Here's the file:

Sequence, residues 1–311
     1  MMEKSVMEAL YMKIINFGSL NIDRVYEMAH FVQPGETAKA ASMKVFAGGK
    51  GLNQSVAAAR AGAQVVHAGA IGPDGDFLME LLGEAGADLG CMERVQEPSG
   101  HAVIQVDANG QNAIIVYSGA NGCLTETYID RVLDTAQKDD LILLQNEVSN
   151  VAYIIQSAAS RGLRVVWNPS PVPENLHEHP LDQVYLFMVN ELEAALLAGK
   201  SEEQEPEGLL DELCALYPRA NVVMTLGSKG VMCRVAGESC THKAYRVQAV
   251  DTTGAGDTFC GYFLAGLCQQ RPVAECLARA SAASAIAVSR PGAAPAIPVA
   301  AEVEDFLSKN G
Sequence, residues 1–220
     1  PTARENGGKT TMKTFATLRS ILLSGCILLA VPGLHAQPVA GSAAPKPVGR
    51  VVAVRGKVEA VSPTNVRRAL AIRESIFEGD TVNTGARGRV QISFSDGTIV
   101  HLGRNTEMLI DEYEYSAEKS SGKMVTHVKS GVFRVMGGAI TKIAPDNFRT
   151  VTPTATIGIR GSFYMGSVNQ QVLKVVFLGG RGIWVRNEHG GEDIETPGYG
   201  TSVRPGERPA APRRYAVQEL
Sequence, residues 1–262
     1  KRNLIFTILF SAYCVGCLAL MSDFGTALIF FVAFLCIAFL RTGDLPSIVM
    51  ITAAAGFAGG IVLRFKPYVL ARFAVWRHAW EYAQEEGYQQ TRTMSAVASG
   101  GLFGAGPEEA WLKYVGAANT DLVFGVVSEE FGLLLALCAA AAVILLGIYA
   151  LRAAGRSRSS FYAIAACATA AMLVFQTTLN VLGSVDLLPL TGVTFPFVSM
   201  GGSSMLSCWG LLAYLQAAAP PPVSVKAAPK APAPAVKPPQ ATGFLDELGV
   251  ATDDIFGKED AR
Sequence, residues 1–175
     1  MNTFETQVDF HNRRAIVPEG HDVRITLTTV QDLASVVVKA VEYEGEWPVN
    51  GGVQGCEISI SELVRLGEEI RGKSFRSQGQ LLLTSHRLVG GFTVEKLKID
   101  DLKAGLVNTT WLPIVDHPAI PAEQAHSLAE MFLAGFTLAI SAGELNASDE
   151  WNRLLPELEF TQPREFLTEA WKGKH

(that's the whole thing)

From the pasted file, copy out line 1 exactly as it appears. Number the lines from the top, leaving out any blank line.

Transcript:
Sequence, residues 1–311